Inspiring Morning

Our week began with horrifying news of a massive tornado that struck an area outside Oklahoma City on Monday afternoon. At least 24 people, including nine children (seven of the children were at Plaza Towers Elementary School in Moore, Oklahoma), were killed. The scenes on television were heartbreaking.

The Jewish Federation has opened a disaster relief mailbox where 100% of all funds raised will go to help the impacted area. Thank you to those who have already responded. If you are interested, please click here to make your contribution.


Let me be upfront…I am a proud Jewish day school parent. I believe in the need for a strong Jewish education for every child. I believe in fostering in our children a love of Judaism and pride in our history, traditions, and culture. I believe that the Hebrew language is an important connection point for our people. And I believe that any community would be incomplete without a vibrant Jewish day school.

On Tuesday morning, a small group of community leaders went on a mini-mission to visit our community’s three Jewish day schools: Portland Jewish Academy (PJA), Maimonides Jewish Day School (MJDS) and Maayan Torah Day School (MT). Each school has its own history, culture, educational focus, and spirit. It was an inspiring morning!

Currently, our community has 230 students in Jewish day school in grades K-8. The vast majority of those children attend PJA, while MJDS and MT each have 22 students in K-8. It is evident these children have a love of Jewish life and a true commitment to Jewish values.

While visiting the schools, I heard about “cross-collaboration,” where Judaic studies and secular subjects are blended together to enrich the educational experience. The concept of “student-centered learning” where the teacher is the facilitator of learning and the student is the central focus. The mindset of a “progressive education in accordance with traditional Judaism.” And the concept of “blended learning” where for part of the day students take classes online with a learning coach in the classroom. Of course there is art, music, physical education, and all the other aspects of a school. But what stood out the most is that these schools are instilling in their students knowledge, values, and experiences to ensure meaningful lifelong connections to Judaism and Jewish life.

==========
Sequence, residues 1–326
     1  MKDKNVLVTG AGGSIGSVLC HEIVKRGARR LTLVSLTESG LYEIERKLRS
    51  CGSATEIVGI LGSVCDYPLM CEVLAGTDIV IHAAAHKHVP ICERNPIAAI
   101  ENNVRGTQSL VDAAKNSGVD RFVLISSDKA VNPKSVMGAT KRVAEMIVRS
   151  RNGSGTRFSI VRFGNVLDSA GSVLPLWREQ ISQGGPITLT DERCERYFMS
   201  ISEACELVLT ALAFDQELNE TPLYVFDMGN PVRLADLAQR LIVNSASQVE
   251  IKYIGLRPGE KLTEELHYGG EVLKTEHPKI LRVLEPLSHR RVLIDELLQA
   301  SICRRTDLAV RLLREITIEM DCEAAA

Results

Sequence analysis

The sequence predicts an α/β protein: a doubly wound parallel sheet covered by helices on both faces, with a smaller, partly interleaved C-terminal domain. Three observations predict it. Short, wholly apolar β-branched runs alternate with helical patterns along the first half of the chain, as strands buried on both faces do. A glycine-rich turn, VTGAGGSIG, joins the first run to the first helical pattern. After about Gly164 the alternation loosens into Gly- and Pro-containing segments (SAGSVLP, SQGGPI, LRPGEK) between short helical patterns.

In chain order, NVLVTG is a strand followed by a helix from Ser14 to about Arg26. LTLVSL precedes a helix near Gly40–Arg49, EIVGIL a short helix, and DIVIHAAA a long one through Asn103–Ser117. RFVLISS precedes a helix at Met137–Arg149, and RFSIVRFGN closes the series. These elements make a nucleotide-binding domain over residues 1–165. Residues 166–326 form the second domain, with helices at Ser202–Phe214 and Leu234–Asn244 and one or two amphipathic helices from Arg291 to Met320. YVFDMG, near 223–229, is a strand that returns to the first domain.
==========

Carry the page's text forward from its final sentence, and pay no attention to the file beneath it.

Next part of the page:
At the end of each school visit, I asked each principal what they are most proud of. Here were their comments:

I am proud of the mensches that we help to nurture for the betterment of the Jewish community and our world.”

I love equipping our children with a sense of Jewish values and an understanding of who they are as a whole person.”

It is astonishing what our school has done for the Portland Jewish community, including making a major impact on the Orthodox community.”

One of the greatest issues facing parents regarding Jewish day schools is affordability. Day school tuition is quite high and perhaps out of reach for many families. In fact, 54% of students at PJA are on financial assistance…66% of students at Maayan Torah are on financial assistance…and an even higher percentage at Maimonides. How can we as a Jewish community help to reduce the cost so more families see Jewish day school education as a viable option? (And the same holds true for Jewish preschools, Jewish summer camps, and Israel experiences for teenagers.)

I have heard from people who do not think the Jewish community should support what in essence is a private school. Plus, we have very good public schools in the area. Our tradition has always placed an emphasis on education – on a Jewish education. And, we as a community have an obligation to make Jewish day schools accessible for all (including those with special needs and learning differences) who are interested.

Jewish day schools are one way to educate our children. There are multiple Jewish preschools and supplementary Jewish schools that also provide opportunities for formal and informal Jewish learning. Each is vitally important and plays a major role in forming our children’s long-term Jewish identity and commitment.

I encourage each of you, especially parents of young children who may be considering (and, if you are not, maybe think again) either Jewish pre-school or Jewish day school, to visit and see firsthand what each of these schools have to offer. Challenge your perceptions. Meet the teachers and administrators who are truly doing an amazing job each and every day. You will be inspired by their passion and dedication to our children, their families, and our Jewish future.

As I reflect on the visit to the three schools and seeing so many happy beautiful children, I am still haunted by the fact seven children died in their elementary school during Monday’s tornado; their lives cut short. Our prayers go out to those families and everyone impacted by the storm.

Portland is blessed to have incredible Jewish day schools. Our children truly are our future – may they continue to learn and lead our Jewish community for generations to come.

Shabbat shalom.



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